The legal battle, which has set a spectacular precedent in the history of architectural intellectual property, is about both the communication between architect and building owner and the extent to which the architect's intellectual property rights hold up against the building owner.

Mehdorn might have saved himself a lot of bother had he and other representatives of Deutsche Bahn not made and acted out decisions behind the architect's back. It was obvious that such an ignorant and cavalier style of communication – no matter which party had the final say in the eyes of the law – was going to sting and enrage the architect. Mehdorn's high-handed approach set him on clear course for escalation and legal battle. (Here he would have had a good deal of confidence, as few architects fear anything more than court cases with their clients over intellectual property rights: future clients might be a little more wary.)

But the real problem is determining the point where the undisputed rights of the architect and creator concerning his building end, and the rights of the building owner to have the construction built to his requirements begin. If the contract does not explicitly stipulate that the architect has to surrender to the builder his legally chartered intellectual property rights completely or at least in the deciding details, the cut off point has to be decided according to general copyright law. Whatever happens, the architect is under no obligation to tolerate any violations of his intellectual property rights in respect to his architectural plans, if this violation unequivocally alters the artistic identity of the building. Were the Guggenheim Museum in Bilbao for example to stick a rectangular clinker-brick tower onto Frank Gehry's artificial and sophisticatedly amorphous metal construction, it would be a clear case.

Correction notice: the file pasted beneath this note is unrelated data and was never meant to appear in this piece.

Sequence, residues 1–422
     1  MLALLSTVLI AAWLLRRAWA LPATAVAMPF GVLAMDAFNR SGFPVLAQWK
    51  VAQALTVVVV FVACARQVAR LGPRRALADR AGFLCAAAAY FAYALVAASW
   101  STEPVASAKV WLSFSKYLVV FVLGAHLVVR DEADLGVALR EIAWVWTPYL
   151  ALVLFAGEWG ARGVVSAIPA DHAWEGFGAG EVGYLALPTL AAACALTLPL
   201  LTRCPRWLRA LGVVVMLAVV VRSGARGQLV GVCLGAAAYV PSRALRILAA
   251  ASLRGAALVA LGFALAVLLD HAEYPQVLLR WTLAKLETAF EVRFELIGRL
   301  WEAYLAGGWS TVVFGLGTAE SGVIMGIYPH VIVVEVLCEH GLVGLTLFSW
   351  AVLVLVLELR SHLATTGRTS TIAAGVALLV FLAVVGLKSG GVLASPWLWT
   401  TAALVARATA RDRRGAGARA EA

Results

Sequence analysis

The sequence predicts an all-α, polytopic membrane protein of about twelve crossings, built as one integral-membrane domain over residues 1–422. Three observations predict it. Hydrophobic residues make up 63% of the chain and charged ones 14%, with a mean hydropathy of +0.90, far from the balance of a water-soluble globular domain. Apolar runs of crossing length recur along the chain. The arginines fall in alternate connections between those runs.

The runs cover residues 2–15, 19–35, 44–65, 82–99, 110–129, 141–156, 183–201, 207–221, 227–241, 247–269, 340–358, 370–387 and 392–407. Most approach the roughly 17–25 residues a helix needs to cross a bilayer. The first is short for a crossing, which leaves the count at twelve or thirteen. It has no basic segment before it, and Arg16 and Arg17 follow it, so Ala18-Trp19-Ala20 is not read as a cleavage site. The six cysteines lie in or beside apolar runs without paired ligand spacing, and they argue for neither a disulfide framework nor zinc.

It is not only on first appearances that the Hauptbahnhof underground ceiling case is not so clear cut. Cost limits, construction time limits, issues of practicality, all these are legitimate considerations that an architect has to consider in respect to the builder's situational constraints. Yet the stronger arguments are still on Gerkan's side. Not only because the subterranean floors make up a considerable part of the building, much more and in fact because, aside from the silhouette of the Hauptbahnhof as a whole, these lower floors represent the public face of the train station. It is here that the people flow takes place, here that the national and international travellers make their exchanges, it is here that the new arrivals receive their first and decisive impressions of the aesthetic of the building as a whole.

And cheap DIY-store flatness cannot be what a building with a stature this imposing wants to express.


This article originally appeared in the Süddeutsche Zeitung on 29 November, 2006

For more information about the Hauptbahnhof see our feature "Bodily harm to a train station" by Horst Bredekamp.